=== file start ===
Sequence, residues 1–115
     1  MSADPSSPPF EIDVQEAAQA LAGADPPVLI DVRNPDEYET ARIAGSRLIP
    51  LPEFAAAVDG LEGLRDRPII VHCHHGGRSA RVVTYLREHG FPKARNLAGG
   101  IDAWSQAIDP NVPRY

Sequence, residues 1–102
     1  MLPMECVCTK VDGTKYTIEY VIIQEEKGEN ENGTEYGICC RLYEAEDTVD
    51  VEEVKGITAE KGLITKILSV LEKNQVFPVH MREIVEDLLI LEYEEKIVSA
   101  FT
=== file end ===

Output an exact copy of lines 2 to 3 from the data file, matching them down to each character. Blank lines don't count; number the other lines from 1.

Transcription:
     1  MSADPSSPPF EIDVQEAAQA LAGADPPVLI DVRNPDEYET ARIAGSRLIP
    51  LPEFAAAVDG LEGLRDRPII VHCHHGGRSA RVVTYLREHG FPKARNLAGG